Future-thinking schools often want to take advantage of the benefits of technologies like artificial intelligence and machine learning for their staff and students. This is a fantastic initiative, and definitely a long term goal for all education providers, as there are many benefits technology can offer.
However, schools must walk before they can run. What this means is that education institutions must learn to collect, connect and take advantage of their existing data before they can advance their education data strategy and start to move towards more sophisticated solutions like bespoke school dashboards and learner profiles.
This journey can resemble the massive endeavor that is climbing Mt. Everest. Before you can strike out for the summit, there are seven key things that will help you have a much more successful journey:
- a good base camp
- your toolkit
- experienced guides and fellow climbers
- communication and timing
- your instincts, feelings and motivations
- and finally, your ability to combine all of these and know what you really need or want to face the challenge in front of you.
These key things actually translate well into a school’s journey towards sophisticated data strategies and school dashboards.
Step 1: Establish Base Camp – a data foundation for student dashboards
If you want to climb Mt. Everest, you need to camp along the way. Every climber starts at Base Camp. Another way of putting this is don’t put your cart before the horse.
If you want to work with advanced data modeling, you need to get control of the data you already have access to. Whether your data is dirty, messy, or spread among several separated silos, you need to pull it together and clean it up as much as possible, and give yourself a good starting point.
“Any data business, including educational institutions, can only report on data that actually exists.”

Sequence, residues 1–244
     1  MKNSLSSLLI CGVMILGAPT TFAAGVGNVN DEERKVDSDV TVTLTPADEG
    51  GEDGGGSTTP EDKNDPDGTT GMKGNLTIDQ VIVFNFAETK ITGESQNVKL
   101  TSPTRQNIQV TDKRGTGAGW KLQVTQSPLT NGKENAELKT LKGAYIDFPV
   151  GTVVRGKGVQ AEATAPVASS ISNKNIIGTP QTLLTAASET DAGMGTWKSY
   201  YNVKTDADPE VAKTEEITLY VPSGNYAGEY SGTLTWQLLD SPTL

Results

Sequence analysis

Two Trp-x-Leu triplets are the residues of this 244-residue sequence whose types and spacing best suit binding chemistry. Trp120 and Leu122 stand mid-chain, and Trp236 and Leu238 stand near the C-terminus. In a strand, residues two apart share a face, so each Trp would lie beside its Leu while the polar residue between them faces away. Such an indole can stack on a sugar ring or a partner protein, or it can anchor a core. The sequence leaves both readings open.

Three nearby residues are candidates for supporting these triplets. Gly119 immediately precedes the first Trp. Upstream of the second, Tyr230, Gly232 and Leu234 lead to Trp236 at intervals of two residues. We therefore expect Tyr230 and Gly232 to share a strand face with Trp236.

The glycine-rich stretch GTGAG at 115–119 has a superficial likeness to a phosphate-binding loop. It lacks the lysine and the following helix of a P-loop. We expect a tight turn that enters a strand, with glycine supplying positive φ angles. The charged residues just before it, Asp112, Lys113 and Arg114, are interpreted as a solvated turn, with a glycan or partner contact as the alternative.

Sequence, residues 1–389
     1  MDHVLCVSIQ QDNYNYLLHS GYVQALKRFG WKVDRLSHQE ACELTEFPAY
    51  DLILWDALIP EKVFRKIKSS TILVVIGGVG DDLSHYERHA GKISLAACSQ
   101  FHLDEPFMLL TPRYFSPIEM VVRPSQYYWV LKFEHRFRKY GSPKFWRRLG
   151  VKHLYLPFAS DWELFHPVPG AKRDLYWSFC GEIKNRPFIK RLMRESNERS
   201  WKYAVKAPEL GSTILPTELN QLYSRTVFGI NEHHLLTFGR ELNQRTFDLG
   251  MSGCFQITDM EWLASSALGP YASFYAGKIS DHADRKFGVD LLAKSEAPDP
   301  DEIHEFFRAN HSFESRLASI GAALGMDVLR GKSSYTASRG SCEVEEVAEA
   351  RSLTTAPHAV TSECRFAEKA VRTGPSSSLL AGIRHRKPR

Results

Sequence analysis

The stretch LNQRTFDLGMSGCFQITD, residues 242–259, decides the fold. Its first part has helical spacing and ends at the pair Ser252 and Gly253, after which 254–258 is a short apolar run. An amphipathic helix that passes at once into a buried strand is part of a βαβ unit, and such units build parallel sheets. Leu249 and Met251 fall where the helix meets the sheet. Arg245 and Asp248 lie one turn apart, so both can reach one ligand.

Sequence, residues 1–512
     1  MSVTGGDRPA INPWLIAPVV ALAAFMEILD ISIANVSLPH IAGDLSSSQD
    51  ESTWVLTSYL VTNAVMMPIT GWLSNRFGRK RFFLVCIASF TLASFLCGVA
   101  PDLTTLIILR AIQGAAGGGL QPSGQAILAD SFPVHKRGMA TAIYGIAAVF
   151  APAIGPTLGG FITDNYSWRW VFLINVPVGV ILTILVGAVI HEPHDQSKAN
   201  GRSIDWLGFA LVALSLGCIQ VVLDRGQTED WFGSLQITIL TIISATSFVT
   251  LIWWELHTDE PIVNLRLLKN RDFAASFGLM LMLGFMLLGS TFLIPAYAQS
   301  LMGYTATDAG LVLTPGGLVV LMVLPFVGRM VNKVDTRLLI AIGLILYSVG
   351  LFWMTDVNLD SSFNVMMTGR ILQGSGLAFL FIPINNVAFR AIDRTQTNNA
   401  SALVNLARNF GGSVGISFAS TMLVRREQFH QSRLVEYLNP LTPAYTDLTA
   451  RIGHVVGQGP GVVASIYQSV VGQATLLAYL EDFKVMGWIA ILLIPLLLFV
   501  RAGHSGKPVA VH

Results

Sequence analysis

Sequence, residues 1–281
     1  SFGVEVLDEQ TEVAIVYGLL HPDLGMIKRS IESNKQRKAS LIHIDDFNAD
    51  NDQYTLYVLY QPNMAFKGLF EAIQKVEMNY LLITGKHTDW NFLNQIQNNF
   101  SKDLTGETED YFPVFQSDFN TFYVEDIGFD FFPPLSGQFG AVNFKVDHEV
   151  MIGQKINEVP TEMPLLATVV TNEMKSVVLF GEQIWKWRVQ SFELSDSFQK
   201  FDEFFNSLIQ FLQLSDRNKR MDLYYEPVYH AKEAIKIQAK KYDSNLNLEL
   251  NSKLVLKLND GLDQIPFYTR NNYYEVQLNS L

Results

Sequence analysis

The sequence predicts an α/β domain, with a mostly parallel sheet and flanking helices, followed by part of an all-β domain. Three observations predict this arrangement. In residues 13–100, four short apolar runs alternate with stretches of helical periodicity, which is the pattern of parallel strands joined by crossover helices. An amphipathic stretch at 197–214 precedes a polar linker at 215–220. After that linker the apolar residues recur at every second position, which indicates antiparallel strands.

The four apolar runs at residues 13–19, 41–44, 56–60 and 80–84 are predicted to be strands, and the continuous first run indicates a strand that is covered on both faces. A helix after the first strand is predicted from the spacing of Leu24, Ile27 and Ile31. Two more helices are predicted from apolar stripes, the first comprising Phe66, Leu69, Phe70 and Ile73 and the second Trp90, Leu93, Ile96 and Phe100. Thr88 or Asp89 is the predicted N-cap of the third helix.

Data connectivity and consolidation is a critical first step to a longer journey. You can’t get to the long-term without first spending time on the short-term. If the data doesn’t currently exist, you have to start collecting it. If it exists but you don’t know where, you have to locate it, consolidate it, visualize it, and learn to interpret it.
Step 2: Asses Your Toolkit – School and learner dashboards are built using good tools
From water and oxygen tanks, to protective gear and transport, to pitons and rope, there is a wide array of tools that can help make a difficult climb easier. But first you have to know your tools well enough to know if they will help you reach the peak.
Schools may already have implemented tools to gather, manage and visualize data relating to students, staff and operations, for example LMS and SIS tools, surveying tools, or analysis solutions. You need to assess existing solutions, find out if they’re talking to each other, and whether they’re giving you what you actually need.
Once you’ve identified gaps, you can start to fill those gaps and create more sophisticated data models and visualizations, and look to engage in deeper reporting and measurement and analysis of the whole student or class.
Step 3: Hire Experienced Guides – to guide your school dashboard project
From sherpas to fellow climbers, this step is all about partners who will either help you make the tough climb, or provide advice and wisdom to guide your steps. Often this wisdom comes from your climbing partners’ own vast experience in the area.
Technology partners have realms of experience in setting up both basic and advanced, customized data solutions for education institutions. Partnering with one lets them do what they do best, while you do what you do best. This step also involves building experience and growing a culture of data literacy at your school – equipping stakeholders with the knowledge of how to use data and technology tools to achieve the results you need.
Step 4: Use Maps – templates to inspire your school dashboard views and learner profiles